For so many communities, a properly run HOA is crucial to the upkeep of shared properties, maintenance of the grounds and common spaces, and functionality of amenities. A good HOA board is aware of the numerous risks that come with day-to-day association matters, and prepared to handle problematic situations should they occur.
Potential HOA Risks
Effective risk management in an HOA begins with awareness of possible risks. Some are obvious, while others may go overlooked by the HOA board and management. Here are a few potential risks every association should be aware of.
- Board negligence. Members of an HOA board have a fiduciary responsibility to act in the best interest of the community and its members. However, even the most carefully selected board members have faults, and a lapse in judgment could leave the association at risk for serious mistakes and perhaps even a costly legal battle.
- Crime.Theft, vandalism, violent crimes, break-ins and other criminal activity is a risk to all communities, no matter their location. When a crime is committed within community boundaries, the HOA could be liable.
- Work Accidents. HOAs often need to hire outside vendors to make repairs or necessary upgrades to the community, and in doing so they risk liability should a hired employee suffer an injury while on the job.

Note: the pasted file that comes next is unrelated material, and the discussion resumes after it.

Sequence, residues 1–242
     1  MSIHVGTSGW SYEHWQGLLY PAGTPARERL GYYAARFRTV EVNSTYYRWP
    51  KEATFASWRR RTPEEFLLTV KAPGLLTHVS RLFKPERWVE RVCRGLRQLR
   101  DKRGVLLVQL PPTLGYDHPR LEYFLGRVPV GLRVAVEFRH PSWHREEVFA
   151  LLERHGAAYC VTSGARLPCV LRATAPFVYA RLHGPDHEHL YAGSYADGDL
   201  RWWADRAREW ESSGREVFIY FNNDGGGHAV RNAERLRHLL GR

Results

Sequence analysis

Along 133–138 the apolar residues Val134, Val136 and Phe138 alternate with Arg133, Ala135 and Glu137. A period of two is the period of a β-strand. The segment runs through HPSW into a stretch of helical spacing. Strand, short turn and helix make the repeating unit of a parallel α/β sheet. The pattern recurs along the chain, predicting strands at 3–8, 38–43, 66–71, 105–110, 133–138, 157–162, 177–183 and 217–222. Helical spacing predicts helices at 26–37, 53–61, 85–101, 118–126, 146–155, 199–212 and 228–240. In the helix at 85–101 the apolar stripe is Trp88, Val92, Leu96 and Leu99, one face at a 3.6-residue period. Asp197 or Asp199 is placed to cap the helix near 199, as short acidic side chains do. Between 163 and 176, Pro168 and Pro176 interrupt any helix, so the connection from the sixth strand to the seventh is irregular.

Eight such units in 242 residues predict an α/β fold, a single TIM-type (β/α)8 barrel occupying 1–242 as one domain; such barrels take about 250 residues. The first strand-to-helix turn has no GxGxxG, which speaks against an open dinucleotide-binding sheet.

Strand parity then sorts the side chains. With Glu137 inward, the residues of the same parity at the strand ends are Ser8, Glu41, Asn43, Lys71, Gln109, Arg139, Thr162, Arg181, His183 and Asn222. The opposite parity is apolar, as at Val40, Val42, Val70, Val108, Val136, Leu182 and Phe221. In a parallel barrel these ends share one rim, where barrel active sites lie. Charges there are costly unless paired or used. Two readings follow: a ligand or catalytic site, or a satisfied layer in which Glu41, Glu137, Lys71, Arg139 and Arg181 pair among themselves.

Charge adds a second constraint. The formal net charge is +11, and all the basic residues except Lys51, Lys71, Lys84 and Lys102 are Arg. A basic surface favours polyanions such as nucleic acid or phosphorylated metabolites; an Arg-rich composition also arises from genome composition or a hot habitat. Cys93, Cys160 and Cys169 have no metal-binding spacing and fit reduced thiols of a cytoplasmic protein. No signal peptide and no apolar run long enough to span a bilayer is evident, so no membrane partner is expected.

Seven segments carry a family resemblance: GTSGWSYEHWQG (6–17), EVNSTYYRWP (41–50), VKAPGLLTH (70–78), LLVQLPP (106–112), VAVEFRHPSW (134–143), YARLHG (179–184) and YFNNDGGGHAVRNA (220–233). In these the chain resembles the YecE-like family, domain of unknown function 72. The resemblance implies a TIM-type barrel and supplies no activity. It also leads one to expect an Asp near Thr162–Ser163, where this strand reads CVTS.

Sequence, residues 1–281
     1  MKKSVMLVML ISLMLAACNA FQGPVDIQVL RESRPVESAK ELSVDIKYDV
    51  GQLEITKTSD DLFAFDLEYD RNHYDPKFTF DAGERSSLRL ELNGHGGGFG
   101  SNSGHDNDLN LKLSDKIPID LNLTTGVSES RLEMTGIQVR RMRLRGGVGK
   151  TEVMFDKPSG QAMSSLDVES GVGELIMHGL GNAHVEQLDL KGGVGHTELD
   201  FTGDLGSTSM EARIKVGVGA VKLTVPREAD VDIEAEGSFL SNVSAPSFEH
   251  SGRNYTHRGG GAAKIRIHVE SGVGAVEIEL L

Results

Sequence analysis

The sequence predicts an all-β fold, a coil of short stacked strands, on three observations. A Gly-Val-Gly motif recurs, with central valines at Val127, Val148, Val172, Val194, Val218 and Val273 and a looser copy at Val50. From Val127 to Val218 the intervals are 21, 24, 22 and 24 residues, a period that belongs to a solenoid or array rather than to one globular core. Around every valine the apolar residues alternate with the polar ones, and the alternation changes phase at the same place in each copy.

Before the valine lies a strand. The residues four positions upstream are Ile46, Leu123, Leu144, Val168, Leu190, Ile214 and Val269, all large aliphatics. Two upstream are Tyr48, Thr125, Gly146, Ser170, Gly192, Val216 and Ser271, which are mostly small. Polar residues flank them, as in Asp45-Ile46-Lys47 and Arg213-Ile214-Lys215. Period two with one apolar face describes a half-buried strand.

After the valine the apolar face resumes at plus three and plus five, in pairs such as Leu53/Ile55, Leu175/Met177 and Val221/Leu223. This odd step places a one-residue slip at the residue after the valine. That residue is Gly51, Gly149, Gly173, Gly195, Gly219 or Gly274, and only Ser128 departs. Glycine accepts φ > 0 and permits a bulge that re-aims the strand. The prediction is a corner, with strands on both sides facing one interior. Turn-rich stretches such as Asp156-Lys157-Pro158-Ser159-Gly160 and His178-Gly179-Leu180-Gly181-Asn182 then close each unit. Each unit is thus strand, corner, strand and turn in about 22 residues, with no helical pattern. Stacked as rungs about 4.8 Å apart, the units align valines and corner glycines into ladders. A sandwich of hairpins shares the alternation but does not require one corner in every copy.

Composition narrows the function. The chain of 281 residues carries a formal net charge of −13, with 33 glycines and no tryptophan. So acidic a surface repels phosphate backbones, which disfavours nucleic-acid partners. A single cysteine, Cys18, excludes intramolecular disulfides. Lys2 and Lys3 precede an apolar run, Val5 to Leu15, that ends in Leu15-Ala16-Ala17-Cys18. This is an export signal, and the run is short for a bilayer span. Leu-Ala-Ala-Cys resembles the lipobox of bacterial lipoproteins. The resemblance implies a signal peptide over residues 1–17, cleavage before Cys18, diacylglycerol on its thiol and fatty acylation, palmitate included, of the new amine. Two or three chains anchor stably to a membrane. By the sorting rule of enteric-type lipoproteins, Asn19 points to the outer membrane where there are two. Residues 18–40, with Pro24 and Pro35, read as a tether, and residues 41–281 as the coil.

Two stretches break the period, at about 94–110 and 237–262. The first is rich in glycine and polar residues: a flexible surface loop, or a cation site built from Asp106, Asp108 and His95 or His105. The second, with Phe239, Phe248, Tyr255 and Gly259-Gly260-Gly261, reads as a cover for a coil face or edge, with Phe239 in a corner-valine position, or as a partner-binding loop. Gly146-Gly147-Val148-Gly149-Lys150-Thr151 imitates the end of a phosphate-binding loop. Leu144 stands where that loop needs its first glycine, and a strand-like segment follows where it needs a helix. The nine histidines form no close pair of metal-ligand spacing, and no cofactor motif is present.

- Building Defects. Even small issues like a crack in the sidewalk or a clogged drain can pose risks to residents’ health and well-being, for which the association may be held responsible.
Be Prepared to Reduce Risks
From an insurance standpoint, community associations should have a clear knowledge of what their governing documents require to be insured, as well as an understanding of the most likely risks to their specific community. Lapses in HOA insurance most generally occur with regards to damage to personal property, and damages incurred by HOA board members.
An HOA can greatly reduce its risks by conducting regular inspections of the property and making changes and adjustments as needed. The HOA board should be trained and prepared to respond quickly to reported risks, and should seek out feedback from residents to uncover risks they may have overlooked. Associations should avoid simply assuming their insurance will take care of any problems—prevention is key to keeping premiums low and tenants happy, whether the incurred damage is covered or not.